Comprehending Picture Labels
  • 2 Minutes to read
  • PDF

Comprehending Picture Labels

  • PDF

Children use pictures to help them understand the words in books as well as verbal interactions that happening during play. When we read a book with our little ones, we tend to point to the objects in pictures and label that object. This targets both labeling and understanding of picture labels.

Today we will be discussing activities that you can do to increase your kiddo’s understanding of picture labels. This is a key factor in laying the foundation for reading readiness, following directions, vocabularly expansion, and overall language comprehension and usage.

When reading to your child, use these simple tips to help them comprehend picture labels.


Choose a book that is repetitive or familiar to your kiddo. After reading the words on a given page, or set of pages, talk about the pictures. Point to the object, label it, and ask a thought-provoking questions. For example, point to a picture of a car, say "car," and then ask "where is the car going?"

Continue to do this while reading together, focusing on 1-2 objects that are consistent throughout the story.


Oftentimes, when we notice our kiddo is struggling to recal an object that we've pointed to, we want to help them out by quickly answering for them. Try to resist this temptation. Be sure to pause after pointing to an object and allow them enough time to process and understand your request. If they haven’t demonstrated movement after 5-10 seconds, or they haven't attempted to point or identify the object you are labeling, simply take their hand and point with them. You can say "that's a car," or "I see a car."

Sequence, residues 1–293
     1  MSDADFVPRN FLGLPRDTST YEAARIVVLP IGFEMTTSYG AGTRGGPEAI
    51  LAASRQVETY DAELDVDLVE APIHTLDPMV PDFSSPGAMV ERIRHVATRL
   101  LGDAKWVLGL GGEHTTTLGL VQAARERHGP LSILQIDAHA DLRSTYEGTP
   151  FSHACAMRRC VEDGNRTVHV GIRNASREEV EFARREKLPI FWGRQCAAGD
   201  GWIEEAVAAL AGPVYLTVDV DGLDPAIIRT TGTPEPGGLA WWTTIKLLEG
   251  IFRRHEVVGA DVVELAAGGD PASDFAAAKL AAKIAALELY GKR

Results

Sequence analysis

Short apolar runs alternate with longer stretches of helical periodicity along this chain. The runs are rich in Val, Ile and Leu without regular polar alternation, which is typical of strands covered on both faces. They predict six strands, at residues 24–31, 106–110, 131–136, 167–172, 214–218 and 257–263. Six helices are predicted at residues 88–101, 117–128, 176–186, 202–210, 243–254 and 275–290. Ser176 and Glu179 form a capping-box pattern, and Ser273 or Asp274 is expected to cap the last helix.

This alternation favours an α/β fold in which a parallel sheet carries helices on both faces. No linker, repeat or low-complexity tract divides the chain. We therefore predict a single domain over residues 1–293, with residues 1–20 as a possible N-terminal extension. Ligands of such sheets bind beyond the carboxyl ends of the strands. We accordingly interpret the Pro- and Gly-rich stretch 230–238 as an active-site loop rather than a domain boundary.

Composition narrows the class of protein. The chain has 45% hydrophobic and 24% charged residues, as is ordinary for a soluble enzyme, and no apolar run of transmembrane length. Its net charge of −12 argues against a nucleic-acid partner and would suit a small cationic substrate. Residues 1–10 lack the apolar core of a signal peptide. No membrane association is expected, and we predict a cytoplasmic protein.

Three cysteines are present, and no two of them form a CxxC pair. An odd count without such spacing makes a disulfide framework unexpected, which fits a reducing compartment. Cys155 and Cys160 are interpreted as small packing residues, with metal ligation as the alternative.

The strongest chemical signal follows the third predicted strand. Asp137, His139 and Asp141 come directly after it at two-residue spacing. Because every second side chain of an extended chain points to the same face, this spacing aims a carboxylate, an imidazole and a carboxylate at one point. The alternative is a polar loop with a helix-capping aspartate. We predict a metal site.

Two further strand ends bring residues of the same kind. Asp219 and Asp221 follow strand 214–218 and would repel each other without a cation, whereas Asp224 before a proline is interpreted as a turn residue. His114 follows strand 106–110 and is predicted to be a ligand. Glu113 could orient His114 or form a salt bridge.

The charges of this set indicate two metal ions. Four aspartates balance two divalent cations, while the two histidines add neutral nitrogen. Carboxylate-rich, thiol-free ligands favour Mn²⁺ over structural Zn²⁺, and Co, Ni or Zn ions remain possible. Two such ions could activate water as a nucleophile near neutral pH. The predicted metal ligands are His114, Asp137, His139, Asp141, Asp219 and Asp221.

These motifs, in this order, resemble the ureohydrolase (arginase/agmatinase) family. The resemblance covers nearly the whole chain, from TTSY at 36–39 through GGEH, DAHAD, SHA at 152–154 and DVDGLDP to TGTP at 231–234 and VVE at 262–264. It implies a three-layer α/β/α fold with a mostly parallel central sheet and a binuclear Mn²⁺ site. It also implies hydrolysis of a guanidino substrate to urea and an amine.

The more we play and engage with our children, the most excited they become about an activity. You can make this interaction similar to a game “peek a boo.”

For example, after saying "where is the car?" you can look around, turn the book over, turn it right side up, wait... and then point to the car and say "There it is! There is the car!" Repeat this a few times and start pausing afterwards to give your child enough time to participate and point to the object.


If the object you chose was one you interact with regularly in real life, be sure to carry over that label and comprehension to other aspects of your life. If it was a car, then point out other cars you see in the neighborhood, in other books, on television, etc. If it was a dog, or house, or tree, the same rules apply. This helps generalize your child's understanding of that object and allows them to use their knowledge in making connections to the real world.

Was this article helpful?